Energy, Capital & Power’s flagship west African event, the MSGBC Oil, Gas & Power Conference and Exhibition, is set to light west Africa’s energy future with an unprecedented convergence of investors, policymakers, politicians and multinationals. The host nation, Senegal, forecasts first liquefied natural gas (LNG) production at 2.5 million tons next year, increasing by up to 10 million tons by 2030, and with H.E. President Macky Sall, also the Chairperson of the African Union, officially opening the event, it is an energy platform unique with opportunity.
The conference’s theme, “The Future of Natural Gas: Growth Using Strategic Investment and Policymaking,” represents the extraordinary climate of the MSGBC gas rush and serves to drive policy design and international investment towards this opportunity.
Under H.E. President Sall’s landmark Plan for an Emerging Senegal, the west African country is targeting an 8% annual GDP growth rate for the next 20 years, creating 600,000 formal jobs and ensuring universal access to affordable electricity by 2025.
Last week, H.E. President Sall partnered with the Global Center on Adaptation to unlock a further $1 billion in climate finance under the Africa Adaptation Acceleration Program, noting that the continent currently receives less than 4% of global climate finance. Furthermore, in a decree earlier this year, the Senegalese government ruled that a minimum of 10% of all future industry revenues will be directed into FONSIS, the country’s Sovereign Wealth Fund, thereby re-investing $500 million into domestic markets by 2025 through gas, renewables and development projects. In spite of COVID-19, Senegal’s new gas plan and first adoption of local content legislation has seen foreign direct investment double in just five years.
It is this track record which draws the eye of multinationals, global markets and investors. Supermajor, bp and American oil company, Kosmos Energy have already partnered for the transnational Mauritania-Senegal Greater Tortue Ahmeyim project, unlocking 15 trillion cubic feet (tcf) of gas reserves with first production targeted next year, followed by 20 tcf of gas in Senegal’s Yakaar-Teranga field tentatively slated for 2024 and a further 13 tcf in Mauritania’s BirAllah field.
December 2021 saw American firm New Fortress Energy sign a Memorandum of Understanding with the Mauritanian government to deploy its fast LNG technology in the 1.2 tcf Banda field by 2024. Furthermore, the KARMOL partnership between Turkey’s Karpowership and Japan’s Mitsui OSK Lines has also birthed a second LNG floating storage and regasification unit, from which 15% of Senegal’s domestic power demand will be supplied.
In an official visit last week, Germany’s Chancellor Olaf Scholz affirmed the country’s intent to invest in Senegalese gas exploration and development, following up on an earlier visit from German President H.E. Frank Walter Steinmeier to Dakar wherein he commended his Senegalese counterpart, H.E. President Sall on the nation’s regional importance as a stable democracy. Discussions are also underway on an agreement mirrored off the just energy transition partnership inked between several countries such as Germany and the United States to support South Africa’s acceleration of a decarbonized economy.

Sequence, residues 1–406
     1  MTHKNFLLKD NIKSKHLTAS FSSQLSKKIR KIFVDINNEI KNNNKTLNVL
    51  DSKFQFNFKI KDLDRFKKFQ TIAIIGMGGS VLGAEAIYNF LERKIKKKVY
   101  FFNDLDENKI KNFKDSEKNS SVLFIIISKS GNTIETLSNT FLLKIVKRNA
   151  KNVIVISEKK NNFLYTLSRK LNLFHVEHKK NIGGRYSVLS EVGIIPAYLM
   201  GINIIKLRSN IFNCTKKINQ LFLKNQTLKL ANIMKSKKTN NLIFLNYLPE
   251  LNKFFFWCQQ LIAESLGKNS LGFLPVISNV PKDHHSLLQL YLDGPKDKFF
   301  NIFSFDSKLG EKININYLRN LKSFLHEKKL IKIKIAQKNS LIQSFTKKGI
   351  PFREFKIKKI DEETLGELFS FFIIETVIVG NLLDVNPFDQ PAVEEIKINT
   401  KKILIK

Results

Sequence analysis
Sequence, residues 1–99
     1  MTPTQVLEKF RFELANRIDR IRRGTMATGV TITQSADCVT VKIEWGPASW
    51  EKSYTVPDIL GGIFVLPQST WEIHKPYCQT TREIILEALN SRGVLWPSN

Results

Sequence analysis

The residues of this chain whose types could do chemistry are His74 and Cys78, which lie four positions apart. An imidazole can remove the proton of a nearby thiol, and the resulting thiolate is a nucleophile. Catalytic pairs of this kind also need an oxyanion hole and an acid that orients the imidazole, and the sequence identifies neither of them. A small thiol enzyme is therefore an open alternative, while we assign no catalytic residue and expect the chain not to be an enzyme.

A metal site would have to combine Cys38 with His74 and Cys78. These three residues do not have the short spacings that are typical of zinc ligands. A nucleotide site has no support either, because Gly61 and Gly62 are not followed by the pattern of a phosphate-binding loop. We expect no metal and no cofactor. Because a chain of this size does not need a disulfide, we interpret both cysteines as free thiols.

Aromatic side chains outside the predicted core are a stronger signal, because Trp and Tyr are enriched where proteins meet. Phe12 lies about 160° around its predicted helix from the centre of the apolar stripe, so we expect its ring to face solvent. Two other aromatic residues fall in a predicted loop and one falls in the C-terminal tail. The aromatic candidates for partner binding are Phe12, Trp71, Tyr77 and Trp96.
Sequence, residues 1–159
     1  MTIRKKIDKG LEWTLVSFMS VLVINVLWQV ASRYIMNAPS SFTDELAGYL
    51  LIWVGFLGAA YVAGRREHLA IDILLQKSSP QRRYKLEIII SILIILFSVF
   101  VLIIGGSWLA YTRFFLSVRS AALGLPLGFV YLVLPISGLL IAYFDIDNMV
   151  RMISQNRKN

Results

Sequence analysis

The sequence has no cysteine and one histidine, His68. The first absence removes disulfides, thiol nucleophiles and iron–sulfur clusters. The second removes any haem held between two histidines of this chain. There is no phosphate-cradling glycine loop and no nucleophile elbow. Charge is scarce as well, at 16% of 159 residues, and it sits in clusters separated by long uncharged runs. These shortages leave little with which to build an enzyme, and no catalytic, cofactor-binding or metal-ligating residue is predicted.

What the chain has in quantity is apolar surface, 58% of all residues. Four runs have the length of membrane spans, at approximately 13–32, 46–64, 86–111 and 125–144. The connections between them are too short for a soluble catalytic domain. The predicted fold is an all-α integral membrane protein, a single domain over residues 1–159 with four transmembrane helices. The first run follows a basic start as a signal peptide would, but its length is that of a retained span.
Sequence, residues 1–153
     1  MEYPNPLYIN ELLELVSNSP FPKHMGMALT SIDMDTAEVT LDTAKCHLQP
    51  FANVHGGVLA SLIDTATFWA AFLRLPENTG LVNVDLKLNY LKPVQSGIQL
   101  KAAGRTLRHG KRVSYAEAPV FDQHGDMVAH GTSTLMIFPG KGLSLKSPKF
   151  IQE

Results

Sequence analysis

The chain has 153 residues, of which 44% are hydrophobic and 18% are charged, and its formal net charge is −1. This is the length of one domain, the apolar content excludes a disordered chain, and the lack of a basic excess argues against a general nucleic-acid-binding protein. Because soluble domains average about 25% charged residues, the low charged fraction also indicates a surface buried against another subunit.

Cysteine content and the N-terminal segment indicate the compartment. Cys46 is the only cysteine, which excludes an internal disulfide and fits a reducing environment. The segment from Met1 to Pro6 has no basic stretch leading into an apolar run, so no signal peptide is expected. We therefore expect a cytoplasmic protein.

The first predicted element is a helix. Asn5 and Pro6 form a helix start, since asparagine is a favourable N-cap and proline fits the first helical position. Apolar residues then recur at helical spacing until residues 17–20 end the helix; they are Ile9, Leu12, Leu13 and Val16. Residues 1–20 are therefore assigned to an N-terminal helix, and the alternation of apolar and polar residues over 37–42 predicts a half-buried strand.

Additionally, the Dutch Port of Rotterdam has partnered with the Chariot Energy Group for the construction of a specialist terminal for African green hydrogen exports at the world-class Maasvlakte port facility.
Meanwhile, Chariot’s 10 GW green hydrogen development, Project Nour, targets a 600,000 ton per annum output, and the London-listed company is looking to form a consortium of co-developers to greenlight the $3.5 billion development. The same is true of the Africa Fortesa Corporation for expansion eastwards onto Senegal’s Thiombane Dome, with one tcf of potential gas reserves, but this is just the tip of the iceberg.
While markets are key, both regional – as with Guinea’s $300 million LNG port project– and global – as with the European market being opened up due to tensions in eastern Europe -, ultimately, “African gas should develop Africa” in the words of Fortesa CEO and upcoming conference speaker, Rogers Beall. Despite its role as a regional energy leader, just 30% of the rural Senegalese population have access to electricity, and those fortunate enough to access the grid face high prices. With the cost of gas at $9 to heavy fuel oil’s $14, Senegal now stands to take a lead on the commodity while also boasting the added advantage of a lower carbon footprint.
The knock-on effects of tensions in eastern Europe have hit west Africa hard, driving up food and energy prices as highlighted by UN Secretary-General, H.E. António Guterres. H.E. President Sall is clear that “Our continent cannot be a field which is the feast of others,” and the MSGBC Oil, Gas & Power Conference in Dakar’s Centre international de Conférences Abdou Diouf on 1 to 2 September will not only advance investment and policy discourse in this regard, but will serve to expand west Africa’s energy future in gas and renewables together with low-carbon power sources.